The problem was that the old chimney was leaking and it didn't serve a purpose any longer. The house was built in 1904 and actually had a couple of stacks sticking out the roof.
It also was crumbling, the mortar becoming dust. So, it fell on me to take it down. Poor choice of words, but a bit of foreshadowing for you.
The chimney dropped down into the kitchen, a big beautiful empty space we were so excited about when we bought the house. We guessed that a stove of some sort was connected to it. When we later ripped up the multiple layers of linoleum (one had avocado green flowers with yellow stuff around them) we found burn marks in the wooden floor underneath.
Directly beneath the stove spot, in the dark and damp crawlspace below the kitchen boarded up to keep the gremlins imprisoned, was a cistern. So, if the stove burned through the floor, it would be extinguished right away, I surmised. Of course that would have also let googley-eyed evil loose on the world, but you have to take the good with the bad.
This was our first house, and it was generally broken down, but my wife and I were young and had matching tool belts. I had worked construction through college so mine was a bit darker and more worn, mind you. Hers was immaculate and her new hammer was shiny, as was her new utility knife, chisel, tape measure, carpenter's square and pliers.
Step one was to send me up on the roof to take down the chimney brick by brick. This thing had not been not been used for decades, but the soot puffed with each brick I pulled and threw into the back yard. That's my theory of how I arrived back on the ground like a shadow at midnight.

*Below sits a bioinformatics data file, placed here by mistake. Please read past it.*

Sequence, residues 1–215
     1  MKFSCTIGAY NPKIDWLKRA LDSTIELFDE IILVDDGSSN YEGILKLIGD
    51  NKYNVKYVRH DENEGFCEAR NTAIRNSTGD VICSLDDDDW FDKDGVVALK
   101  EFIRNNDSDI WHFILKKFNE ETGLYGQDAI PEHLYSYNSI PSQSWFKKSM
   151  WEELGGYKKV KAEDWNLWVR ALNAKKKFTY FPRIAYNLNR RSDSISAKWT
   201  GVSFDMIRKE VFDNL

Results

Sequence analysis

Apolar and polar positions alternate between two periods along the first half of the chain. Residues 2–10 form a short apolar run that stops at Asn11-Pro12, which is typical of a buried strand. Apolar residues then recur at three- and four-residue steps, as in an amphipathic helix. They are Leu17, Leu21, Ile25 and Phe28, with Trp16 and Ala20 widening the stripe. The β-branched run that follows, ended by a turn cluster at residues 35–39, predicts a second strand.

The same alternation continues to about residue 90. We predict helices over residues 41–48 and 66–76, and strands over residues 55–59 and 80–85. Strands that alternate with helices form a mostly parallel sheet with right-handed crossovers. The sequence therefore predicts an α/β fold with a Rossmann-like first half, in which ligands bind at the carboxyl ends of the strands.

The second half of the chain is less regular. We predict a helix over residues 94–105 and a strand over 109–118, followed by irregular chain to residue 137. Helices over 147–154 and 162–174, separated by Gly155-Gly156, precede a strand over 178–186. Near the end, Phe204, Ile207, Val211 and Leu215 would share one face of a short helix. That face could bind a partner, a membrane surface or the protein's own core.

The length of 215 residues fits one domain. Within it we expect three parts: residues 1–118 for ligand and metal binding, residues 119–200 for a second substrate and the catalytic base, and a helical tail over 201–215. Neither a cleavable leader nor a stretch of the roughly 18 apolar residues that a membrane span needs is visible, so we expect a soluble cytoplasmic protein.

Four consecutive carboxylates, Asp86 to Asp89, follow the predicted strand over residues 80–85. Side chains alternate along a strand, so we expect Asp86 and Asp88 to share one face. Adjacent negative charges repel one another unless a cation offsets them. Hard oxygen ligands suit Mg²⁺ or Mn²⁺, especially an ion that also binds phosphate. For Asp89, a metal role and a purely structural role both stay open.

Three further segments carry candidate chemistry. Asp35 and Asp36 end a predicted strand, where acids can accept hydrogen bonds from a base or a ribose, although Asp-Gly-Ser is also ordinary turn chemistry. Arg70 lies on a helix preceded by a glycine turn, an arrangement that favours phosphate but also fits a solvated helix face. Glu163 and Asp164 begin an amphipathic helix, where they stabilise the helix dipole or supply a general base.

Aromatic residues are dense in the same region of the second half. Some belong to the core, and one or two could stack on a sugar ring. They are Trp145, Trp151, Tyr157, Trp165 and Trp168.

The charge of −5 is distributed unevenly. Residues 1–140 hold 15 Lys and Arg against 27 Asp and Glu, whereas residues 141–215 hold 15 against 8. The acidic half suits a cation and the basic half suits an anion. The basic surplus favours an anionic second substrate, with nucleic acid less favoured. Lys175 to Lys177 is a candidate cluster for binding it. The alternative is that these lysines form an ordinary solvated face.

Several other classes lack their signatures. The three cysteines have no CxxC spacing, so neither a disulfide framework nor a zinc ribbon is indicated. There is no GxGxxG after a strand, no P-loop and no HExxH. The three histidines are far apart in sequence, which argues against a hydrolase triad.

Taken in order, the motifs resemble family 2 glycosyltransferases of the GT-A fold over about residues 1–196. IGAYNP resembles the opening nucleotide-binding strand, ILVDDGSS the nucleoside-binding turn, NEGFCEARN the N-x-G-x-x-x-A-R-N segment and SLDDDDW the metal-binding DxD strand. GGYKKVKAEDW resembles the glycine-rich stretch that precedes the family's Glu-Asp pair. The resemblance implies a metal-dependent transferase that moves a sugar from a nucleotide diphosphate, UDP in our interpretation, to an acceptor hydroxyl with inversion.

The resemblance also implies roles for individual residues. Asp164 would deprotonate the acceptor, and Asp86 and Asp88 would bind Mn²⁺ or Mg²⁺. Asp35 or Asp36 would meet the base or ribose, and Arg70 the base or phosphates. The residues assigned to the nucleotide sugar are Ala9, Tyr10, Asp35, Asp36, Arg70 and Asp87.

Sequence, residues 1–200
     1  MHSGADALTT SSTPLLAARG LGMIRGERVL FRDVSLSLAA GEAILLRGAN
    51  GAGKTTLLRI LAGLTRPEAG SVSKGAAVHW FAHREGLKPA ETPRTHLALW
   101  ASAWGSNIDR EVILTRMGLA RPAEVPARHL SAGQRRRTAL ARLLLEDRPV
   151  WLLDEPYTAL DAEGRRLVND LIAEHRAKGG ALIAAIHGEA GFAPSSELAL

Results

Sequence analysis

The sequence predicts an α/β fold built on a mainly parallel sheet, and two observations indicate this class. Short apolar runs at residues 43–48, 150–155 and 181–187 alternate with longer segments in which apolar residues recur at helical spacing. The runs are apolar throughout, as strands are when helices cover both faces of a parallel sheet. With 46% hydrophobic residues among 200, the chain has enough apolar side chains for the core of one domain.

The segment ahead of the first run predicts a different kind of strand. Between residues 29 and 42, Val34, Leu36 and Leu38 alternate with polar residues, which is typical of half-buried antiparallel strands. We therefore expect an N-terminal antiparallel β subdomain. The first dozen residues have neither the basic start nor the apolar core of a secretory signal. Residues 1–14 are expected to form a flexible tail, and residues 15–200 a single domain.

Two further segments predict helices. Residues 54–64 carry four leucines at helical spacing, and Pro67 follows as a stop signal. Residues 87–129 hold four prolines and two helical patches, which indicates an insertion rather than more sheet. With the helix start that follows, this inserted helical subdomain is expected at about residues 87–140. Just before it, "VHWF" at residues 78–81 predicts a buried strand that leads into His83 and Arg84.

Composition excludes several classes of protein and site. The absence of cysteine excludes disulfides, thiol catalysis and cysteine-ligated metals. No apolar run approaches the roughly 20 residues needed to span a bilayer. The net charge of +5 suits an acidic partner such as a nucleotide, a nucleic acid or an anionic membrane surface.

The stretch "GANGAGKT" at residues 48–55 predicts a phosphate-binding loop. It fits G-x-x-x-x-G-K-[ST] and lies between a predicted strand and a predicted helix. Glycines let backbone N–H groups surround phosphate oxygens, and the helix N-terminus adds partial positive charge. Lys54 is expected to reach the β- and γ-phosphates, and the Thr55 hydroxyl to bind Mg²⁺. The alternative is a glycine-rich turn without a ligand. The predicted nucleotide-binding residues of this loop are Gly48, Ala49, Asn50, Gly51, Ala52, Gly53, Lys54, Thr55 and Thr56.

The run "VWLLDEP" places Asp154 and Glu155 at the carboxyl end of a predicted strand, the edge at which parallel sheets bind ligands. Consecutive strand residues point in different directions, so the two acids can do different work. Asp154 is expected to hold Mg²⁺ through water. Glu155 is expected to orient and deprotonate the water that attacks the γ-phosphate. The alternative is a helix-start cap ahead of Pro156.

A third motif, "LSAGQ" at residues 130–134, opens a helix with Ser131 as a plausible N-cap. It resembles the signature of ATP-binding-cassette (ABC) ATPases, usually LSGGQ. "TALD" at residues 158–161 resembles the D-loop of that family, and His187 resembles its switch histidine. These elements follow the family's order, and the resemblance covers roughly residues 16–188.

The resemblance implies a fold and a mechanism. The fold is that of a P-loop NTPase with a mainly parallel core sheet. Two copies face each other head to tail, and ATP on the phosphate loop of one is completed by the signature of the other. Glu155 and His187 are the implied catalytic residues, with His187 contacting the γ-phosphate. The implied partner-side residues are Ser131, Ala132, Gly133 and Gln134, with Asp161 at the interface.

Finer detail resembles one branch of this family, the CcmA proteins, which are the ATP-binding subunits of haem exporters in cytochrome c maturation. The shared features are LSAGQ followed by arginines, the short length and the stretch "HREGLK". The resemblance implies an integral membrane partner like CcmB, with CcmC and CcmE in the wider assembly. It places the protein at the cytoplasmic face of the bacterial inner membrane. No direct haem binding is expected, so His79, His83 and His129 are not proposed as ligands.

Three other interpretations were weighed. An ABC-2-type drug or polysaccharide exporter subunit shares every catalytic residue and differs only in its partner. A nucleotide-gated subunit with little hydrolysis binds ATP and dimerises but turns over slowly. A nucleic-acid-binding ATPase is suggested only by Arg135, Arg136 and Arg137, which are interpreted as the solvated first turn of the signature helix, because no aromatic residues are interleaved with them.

The chimney was a bit wobbly and I slipped on the ski-slope pitched roof. I started to grab the chimney to balance myself and felt it tip. I called on my college football lineman reflexes and let go and flopped on my belly. I wasn't that good of an offensive lineman.
Short story long, I got the chimney out and went to work inside with my father-in-law pulling out plaster and lathe wall around the chimney. Behind the false ceiling, was cracked plaster that also had to come down.
My father-in-law is a Mr. Fixit, so I have always been at a disadvantage because of him. My wife grew up with her family always turning to him to repair the blender, the house, the dog ... well maybe not the dog. I grew up in a household where you worked your butt off to pay somebody else to fix or replace things the right way.
But marital expectations what they are, I've tried to fix things, and on this day I fixed father-in-law.
We set up ladders to climb up to the ceiling and chip down the plaster. Being the young physical specimen, I was up in much quicker time than the old man. Chisel in hand and 22-ounce metal-necked Eagle hammer ready to swing
"Just chip off small ...," he began to say.
I swung the most efficient hammer hit ever done in taking down a ceiling, I'm sure. And it all came down on top of him. I think plaster from the four corners of the room defied the laws of physics and flew over to nail him. I, of course could see none of this because of the thick cloud of white that exploded out from the kitchen into the rest of the house and the back yard.
"... pieces at a time," grumbled from the rubble.
Now you would think that episode would have put an end to any attempts at handy man endeavors. No. No that was just not going to happen, and sometime before the snow flies I have to replace some windows. I'm going to see whether my father-in-law can help me with the second story ones.
You can reach Managing Editor Chris Baldus at editor@oelweindailyregister, but don't ask him to fix anything, for your own good.